The “clash of civilizations” thesis distracts from the real war waged between global capitalism, increasingly unchecked by any political institutions, and the deprived, who are concentrated in Latin America, Asia and Africa. And, on this score, Huntington is admirably candid: “The very phrase “the world community” has become the euphemistic collective noun (replacing “the Free World”) to give global legitimacy to the actions reflecting the interests of the United States and other western powers. Through the IMF and other international economic institutions, the West promotes its economic interests and imposes on other nations the economic policies it thinks appropriate. In any poll of non-western peoples, the IMF undoubtedly would win the support of finance ministers and a few others, but get an overwhelmingly unfavourable rating from just about everyone else.” Even democracies brimming with Christians are kept in thrall, as we see in Argentina today, by an IMF that sternly favours pampering especially (but not only) the First World’s firms and banks over meeting the Third World’s indigenous needs.
It is the oldest tactic in the conqueror’s book to divide groups along religious lines and pit them against one another. Poverty and oppression know no religious boundaries. What sense can one make of Huntington’s thesis during a dark farcical moment when Israeli tanks prevent a Muslim Palestinian leader from attending a Christmas eve mass to which he was invited? Yet actions premised on religious division tend to be self-fulfilling. There are enough fodder like Osama who willingly fill the role of demonic “other.” At root all fundamentalists — Muslim, Jew, Christian, whatever — are alike: selfish, dogmatic, myopic and too often malignant. Religious affiliation is a terribly poor guide and too often an absolver of atrocious actions.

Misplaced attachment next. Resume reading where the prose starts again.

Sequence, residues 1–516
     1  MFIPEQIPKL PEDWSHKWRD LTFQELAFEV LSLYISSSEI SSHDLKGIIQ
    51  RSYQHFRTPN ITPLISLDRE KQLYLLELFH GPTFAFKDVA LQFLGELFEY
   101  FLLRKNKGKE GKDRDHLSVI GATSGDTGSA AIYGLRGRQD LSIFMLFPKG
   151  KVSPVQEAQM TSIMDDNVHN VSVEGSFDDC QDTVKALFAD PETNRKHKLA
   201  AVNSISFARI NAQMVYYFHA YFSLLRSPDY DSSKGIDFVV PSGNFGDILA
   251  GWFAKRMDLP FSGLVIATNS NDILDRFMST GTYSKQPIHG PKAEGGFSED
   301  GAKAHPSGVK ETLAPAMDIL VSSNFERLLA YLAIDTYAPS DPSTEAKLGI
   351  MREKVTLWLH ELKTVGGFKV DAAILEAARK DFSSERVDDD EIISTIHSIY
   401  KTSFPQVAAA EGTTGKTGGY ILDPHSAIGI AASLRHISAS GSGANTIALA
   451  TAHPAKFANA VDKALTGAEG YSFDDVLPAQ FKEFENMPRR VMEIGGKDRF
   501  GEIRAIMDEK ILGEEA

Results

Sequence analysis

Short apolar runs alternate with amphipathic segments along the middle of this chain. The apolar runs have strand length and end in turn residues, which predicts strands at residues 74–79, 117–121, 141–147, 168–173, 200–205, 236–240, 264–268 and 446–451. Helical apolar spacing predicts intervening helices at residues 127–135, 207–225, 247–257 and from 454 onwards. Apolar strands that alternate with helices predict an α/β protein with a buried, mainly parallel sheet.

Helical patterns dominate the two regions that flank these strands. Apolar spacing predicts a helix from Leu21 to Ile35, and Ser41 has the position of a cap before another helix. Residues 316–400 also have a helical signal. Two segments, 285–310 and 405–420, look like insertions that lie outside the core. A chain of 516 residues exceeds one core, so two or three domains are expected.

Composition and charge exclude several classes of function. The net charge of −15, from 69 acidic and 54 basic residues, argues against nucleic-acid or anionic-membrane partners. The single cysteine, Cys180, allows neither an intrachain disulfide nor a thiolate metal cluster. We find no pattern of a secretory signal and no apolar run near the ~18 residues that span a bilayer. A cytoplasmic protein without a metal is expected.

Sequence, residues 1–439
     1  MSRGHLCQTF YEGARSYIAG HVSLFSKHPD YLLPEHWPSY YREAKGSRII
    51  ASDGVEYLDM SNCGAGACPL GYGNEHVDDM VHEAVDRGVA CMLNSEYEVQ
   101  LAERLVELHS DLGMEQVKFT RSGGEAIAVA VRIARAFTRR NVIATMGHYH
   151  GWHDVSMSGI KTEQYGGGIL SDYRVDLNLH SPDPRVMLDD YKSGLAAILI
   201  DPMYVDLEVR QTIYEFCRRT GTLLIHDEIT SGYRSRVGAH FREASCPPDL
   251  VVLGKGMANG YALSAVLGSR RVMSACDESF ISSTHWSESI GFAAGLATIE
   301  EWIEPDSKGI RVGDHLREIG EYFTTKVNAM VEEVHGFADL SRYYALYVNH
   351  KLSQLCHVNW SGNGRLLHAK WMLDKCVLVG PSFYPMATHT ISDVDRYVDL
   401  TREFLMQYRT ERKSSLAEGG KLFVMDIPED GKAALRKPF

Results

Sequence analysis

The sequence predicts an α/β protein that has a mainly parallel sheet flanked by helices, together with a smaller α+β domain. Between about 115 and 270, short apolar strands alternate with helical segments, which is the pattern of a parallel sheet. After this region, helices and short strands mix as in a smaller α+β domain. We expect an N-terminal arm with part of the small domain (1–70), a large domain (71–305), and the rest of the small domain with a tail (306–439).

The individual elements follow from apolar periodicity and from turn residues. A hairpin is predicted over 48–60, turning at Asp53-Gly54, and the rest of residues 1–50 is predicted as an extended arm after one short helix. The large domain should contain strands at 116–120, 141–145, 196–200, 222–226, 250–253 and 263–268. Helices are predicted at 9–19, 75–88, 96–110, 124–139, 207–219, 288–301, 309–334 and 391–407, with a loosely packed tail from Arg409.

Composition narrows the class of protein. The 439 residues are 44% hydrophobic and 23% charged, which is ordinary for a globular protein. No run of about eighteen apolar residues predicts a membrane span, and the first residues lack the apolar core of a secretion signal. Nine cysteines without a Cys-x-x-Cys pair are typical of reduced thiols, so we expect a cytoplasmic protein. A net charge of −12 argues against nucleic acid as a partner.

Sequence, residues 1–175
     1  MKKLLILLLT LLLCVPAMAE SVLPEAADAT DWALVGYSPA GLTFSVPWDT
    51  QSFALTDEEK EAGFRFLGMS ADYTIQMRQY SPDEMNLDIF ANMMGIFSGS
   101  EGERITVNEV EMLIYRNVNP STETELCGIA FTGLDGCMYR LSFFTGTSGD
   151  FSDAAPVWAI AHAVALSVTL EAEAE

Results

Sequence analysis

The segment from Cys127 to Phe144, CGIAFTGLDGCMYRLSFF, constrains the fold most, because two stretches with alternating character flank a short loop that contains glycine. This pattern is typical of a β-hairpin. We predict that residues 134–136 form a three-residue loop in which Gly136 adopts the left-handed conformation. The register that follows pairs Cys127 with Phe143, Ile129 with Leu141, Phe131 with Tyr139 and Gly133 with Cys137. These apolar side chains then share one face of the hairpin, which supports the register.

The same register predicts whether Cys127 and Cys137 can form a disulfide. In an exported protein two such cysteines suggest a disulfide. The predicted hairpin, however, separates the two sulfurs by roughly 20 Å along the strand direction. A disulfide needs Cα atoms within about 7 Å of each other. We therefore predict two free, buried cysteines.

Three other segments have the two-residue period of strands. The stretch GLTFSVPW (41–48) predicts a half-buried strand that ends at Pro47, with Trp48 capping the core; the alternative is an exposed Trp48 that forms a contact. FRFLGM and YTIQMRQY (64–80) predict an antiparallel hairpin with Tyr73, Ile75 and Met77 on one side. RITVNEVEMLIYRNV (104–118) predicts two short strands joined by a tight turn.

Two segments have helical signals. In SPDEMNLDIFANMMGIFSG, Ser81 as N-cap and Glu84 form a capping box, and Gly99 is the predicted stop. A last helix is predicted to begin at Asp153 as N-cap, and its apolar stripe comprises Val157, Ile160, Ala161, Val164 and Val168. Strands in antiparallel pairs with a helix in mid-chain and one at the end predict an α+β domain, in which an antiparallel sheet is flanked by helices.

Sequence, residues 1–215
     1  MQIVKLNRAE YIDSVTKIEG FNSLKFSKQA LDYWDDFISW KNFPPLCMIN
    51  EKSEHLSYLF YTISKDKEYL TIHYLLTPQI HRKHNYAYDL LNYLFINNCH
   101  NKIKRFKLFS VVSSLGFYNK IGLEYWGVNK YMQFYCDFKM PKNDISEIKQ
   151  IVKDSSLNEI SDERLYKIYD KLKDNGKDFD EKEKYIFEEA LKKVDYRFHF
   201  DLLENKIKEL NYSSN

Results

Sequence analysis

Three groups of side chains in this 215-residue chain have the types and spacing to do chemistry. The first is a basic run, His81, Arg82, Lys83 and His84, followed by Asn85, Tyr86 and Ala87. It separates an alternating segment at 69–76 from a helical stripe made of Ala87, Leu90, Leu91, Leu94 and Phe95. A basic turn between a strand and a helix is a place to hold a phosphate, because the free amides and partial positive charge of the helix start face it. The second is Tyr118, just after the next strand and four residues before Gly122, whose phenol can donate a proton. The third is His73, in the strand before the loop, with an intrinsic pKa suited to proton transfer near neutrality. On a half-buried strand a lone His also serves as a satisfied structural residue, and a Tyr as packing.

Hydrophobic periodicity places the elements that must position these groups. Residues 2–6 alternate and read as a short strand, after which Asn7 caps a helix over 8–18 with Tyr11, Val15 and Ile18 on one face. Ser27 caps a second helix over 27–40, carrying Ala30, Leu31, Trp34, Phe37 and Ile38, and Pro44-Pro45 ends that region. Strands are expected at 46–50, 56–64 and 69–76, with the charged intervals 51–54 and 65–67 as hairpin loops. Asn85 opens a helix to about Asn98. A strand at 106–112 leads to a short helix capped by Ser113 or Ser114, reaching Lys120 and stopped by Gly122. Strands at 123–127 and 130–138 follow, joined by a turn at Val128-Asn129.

Suharto, for example, was given the green light by America in 1975 to invade East Timor which underwent a blood-bath while its freedom was thwarted for twentyfive years. No Muslim country displayed much concern over the crimes inflicted on the Timorese by a Muslim power. Nor did brutal Indonesian behaviour disturb American policy makers, who are mainly Christian and supplied many of the instruments of slaughter. Guatemala, Nicaragua, El Salvador, Vietnam and Chile experienced US-aided repression but in most cases the Muslim world was not interested or too involved with the US to protest. Even in the Israeli-Palestine conflict there is little mention of the role of Arab Christian struggle in the Muslim press.
At the same time Muslim communities sprouted throughout the West where they often have more freedom to practise their way of life than in their former lands. Minarets of the mosques shoot up in the sky in Germany, France, England and even in Spain, where Muslims were expelled in the 15th century. Muslims are found in every walk of life, including parliaments, in their adopted industrialized countries, where different traditions meet and change and enrich one another. There is no inherent clash. As always, what really matters is whether the distribution of power, rights and wealth improves or worsens.
Yet Huntington is a serious scholar whose entire work cannot be dismissed. In fact, Huntington warns that it is “most important, to recognize that western intervention in the affairs of other civilizations is probably the single most dangerous source of instability and potential global conflict in a multi-civilizational world.” One hopes the western leaders heed Huntington’s apt advice so that they do not collectively become a spectre too.
Missing the wood for the trees?: WASHINGTON NOTEBOOK
TRYING to project a rational interpretation of Islam these days in America when the news stories are full of references to Muslim terrorists and extremists is not an enviable task. It is made more difficult by the fact that scholars or commentators attempting to present such an interpretation are, in present circumstances, necessarily forced to be on the defensive.